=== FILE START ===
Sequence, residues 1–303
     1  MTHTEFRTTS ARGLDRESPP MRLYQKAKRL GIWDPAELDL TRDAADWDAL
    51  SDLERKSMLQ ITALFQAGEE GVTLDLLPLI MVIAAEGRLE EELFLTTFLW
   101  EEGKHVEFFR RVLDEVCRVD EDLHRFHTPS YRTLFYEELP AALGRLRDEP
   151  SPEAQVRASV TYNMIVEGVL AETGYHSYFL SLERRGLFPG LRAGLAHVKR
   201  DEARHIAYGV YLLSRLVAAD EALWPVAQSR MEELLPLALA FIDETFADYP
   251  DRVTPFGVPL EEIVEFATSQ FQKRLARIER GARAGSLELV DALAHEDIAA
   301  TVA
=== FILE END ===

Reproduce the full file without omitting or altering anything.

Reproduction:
Sequence, residues 1–303
     1  MTHTEFRTTS ARGLDRESPP MRLYQKAKRL GIWDPAELDL TRDAADWDAL
    51  SDLERKSMLQ ITALFQAGEE GVTLDLLPLI MVIAAEGRLE EELFLTTFLW
   101  EEGKHVEFFR RVLDEVCRVD EDLHRFHTPS YRTLFYEELP AALGRLRDEP
   151  SPEAQVRASV TYNMIVEGVL AETGYHSYFL SLERRGLFPG LRAGLAHVKR
   201  DEARHIAYGV YLLSRLVAAD EALWPVAQSR MEELLPLALA FIDETFADYP
   251  DRVTPFGVPL EEIVEFATSQ FQKRLARIER GARAGSLELV DALAHEDIAA
   301  TVA